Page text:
I am becoming your #1 distraction while grant writing these days! My pleasure! 😉 Save that Repudo for when Susan arrives if you like… and I will send YOU one (just for you) to pick up tomorrow.

          From what I have learned so far, you can keep a Repudo open/public or you can specify that it is for a particular person (lock it). You can only choose people in your social networks (Twitter or FB) to specify/lock a Repudo. If you keep it open/public, anyone can pick it up. Either method allows you to send a message (to any email, not just those in your social networks) to let someone know you have dropped a Repudo and with some instructions about picking it up. You will see this when I send you one later tonight!

          In terms of the two-way, social interaction and narratives that may play out, my personal feeling is that it would very much depend on the marketing and messaging to potential participants. Like any digital engagement strategy, the promotion and upkeep would be key. Also, alleviating the slope of the steep learning curve seems essential. Repudo is pretty user-friendly, which I like… but it still matters what’s in our messaging. To get someone to drop you a Repudo back, you have to make it worth their while. We’ll see if I do that with the one I leave for you at SMM this evening and how far the dialogue goes…!

          Thanks for experimenting with me! It is pretty cool to have friends and colleagues (and strangers) around the world testing this out with me. Let me know how it goes tomorrow.

  2. Matt Popke (@Polackio)


    Similar project by Microsoft R&D for integration with the Bing equivalent of maps. Basically allows people to upload images and link them to the “street view” as overlays. It goes one step further in that it combines video conferencing with the overlay feature. Using something like this (but better than this demo obviously), you could facilitate direct communication between the people who are at the museum and people who are nowhere near it.

    I love to see the social experiments that are happening now, but I can’t help but think about what we’ll be able to when these sorts of interactions are richer (both in terms of media and metadata) and in real time.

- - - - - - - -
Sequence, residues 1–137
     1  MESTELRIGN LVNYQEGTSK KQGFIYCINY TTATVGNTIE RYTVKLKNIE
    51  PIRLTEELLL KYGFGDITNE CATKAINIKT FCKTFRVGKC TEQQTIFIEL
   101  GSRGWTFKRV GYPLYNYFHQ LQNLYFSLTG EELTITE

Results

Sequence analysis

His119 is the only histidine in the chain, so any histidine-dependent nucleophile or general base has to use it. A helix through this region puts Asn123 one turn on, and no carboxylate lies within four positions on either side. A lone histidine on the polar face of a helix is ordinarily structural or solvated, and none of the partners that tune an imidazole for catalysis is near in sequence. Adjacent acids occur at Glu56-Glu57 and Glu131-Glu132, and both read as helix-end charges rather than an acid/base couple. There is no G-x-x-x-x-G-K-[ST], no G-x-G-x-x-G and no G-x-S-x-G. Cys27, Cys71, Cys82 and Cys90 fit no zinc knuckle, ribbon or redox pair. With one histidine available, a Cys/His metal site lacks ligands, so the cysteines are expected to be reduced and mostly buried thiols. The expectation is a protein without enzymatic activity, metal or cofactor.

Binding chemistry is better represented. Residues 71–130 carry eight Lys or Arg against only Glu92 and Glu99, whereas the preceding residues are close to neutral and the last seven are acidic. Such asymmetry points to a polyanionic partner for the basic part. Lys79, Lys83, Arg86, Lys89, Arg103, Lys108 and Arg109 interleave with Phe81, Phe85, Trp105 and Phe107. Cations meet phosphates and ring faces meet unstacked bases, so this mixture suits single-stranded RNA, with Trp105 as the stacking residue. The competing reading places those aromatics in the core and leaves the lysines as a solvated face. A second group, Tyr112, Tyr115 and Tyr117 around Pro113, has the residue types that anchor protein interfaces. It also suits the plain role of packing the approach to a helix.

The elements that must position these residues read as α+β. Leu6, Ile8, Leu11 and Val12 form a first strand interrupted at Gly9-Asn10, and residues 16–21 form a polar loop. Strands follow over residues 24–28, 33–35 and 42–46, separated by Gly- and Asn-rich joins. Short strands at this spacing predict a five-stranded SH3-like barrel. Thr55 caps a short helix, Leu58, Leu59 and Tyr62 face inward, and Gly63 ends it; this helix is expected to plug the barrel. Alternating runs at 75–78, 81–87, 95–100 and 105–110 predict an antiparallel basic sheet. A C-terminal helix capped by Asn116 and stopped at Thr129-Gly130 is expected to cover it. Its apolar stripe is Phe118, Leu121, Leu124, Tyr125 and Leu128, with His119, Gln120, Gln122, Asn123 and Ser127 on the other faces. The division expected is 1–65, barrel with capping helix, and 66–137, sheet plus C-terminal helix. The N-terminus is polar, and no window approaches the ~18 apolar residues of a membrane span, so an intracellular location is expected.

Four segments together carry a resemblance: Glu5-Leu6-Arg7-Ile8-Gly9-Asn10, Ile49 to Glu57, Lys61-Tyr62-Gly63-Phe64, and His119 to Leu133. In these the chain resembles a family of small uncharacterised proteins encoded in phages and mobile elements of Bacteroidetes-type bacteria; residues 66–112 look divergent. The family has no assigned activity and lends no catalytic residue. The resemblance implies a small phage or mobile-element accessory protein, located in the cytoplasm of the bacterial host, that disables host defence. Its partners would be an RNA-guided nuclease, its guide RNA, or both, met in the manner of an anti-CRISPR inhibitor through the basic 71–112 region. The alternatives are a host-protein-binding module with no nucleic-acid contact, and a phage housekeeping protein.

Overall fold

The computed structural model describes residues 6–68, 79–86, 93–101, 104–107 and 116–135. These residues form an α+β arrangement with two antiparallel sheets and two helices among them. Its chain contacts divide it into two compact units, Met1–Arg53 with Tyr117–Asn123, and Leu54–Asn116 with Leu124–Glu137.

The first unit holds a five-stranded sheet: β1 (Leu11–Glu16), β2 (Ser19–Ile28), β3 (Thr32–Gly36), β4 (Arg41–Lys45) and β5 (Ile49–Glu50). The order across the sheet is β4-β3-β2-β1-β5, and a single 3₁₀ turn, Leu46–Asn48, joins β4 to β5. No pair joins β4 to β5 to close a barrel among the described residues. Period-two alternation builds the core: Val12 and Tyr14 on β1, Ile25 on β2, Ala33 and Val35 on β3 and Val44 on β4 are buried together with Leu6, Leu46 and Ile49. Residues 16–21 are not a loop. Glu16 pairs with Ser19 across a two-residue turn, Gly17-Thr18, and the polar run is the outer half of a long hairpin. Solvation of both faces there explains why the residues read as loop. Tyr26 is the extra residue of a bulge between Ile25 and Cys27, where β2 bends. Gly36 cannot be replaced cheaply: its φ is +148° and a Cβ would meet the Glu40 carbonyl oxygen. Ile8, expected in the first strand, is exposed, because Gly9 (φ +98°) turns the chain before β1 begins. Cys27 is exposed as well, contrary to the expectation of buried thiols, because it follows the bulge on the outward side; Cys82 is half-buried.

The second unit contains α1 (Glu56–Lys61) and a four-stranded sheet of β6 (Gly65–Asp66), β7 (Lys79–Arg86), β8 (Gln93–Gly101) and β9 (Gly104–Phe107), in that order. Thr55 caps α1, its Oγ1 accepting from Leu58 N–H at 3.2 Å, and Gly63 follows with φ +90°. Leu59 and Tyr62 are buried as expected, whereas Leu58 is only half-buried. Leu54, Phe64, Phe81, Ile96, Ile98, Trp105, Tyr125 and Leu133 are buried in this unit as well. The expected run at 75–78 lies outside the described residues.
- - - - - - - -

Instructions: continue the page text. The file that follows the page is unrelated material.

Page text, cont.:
• Kathleen Tinworth

      Matt– thanks for sharing that link. (I can’t believe ninjas killed that man’s father!) I love the addition of video conferencing. So cool. I am with you… this is only going to get better, fast. Your mention of connecting people at the museum and nowhere near is exciting. What would you do with this– both now and once the realtime applications become a reality?

  3. sjkistler

    I was trying to figure out if there was a way to leave a Repudo that a whole lot of people could pick up – so that picking it up wouldn’t make it go away. I’ve been thinking further on your posts on using RFID tags – it would be like that, except without having to locate a tag, just to be in the area. I think I could do it through google maps, but an ap might make it more fun and structured.

    • Kathleen Tinworth

      Susan– awesome points. I think that’s part of the fun of trendspotting and trying out some of these new tech apps together. I do just what you do (and what Matt wrote about above)– I think about how I’d like to combine a few, mash them up, tweak them a bit. And that’s all part of the fun. Repudo’s thing is sort of the exclusivity of it– the “one time only” aspect. But for some circumstances that may not be what we’re after. Also, I still very much mean what I wrote at the end of my post: it’s the ideas and innovations these trends inspire that matter most, be it in museums or for evaluators (across sector) or for anyone who chooses to take them and run with them. The playing, the experimenting, the inspiring… right? That’s what so cool. Thanks for playing, experimenting, and inspiring too!

  4. Repudo (@repudo)

    Hi Kathleen and others. Great the way you experience and experiment with Repudo! This is what we hoped would happen. People pick up the tool and discover the ways. We would love to show you some cases of the projects we did last year which could inspire you. http://www.repudo.com/upload/cases.pdf Let us know if we can support you with an initiative for the museum. We need ambassadors like you!
    @sjkistler When you drop a Repudo you can choose to Fix it to Location. This means people have to go to the spot to view it. But can’t take it with them. Nice for digital exhibitions in the real world.

    • Kathleen Tinworth

      Hey there Lex! Was about to send you all an email letting you know about the blog post but you found me first. Nicely done! Repudo has a lot of potential applications in museums and culturals and it’s been fun to explore and play. Thanks for your support!

    • Kathleen Tinworth

      It will be there later today, Janet, and I will send you an email to let you know. Thanks for trying it out!

  5. Sarah Rodman

    Kathleen – I sent you an email at your Denver museum last week but have not heard back. I may have used an incorrect email address. I am wondering if you have heard of any museums planning pop-up exhibitions here in the states or abroad. I am considering writing about the topic for my thesis here at Harvard University’s Museum Studies graduate program and would like to do an internship at a museum that is involved with that kind of project. Love to hear your thoughts. THANKS Sarah Rodman

    • Kathleen Tinworth

      Sarah– yes, I can help you. And apologies– I never received an email from you. Perhaps it got whisked away by the spam filter! I will email you directly. Thanks!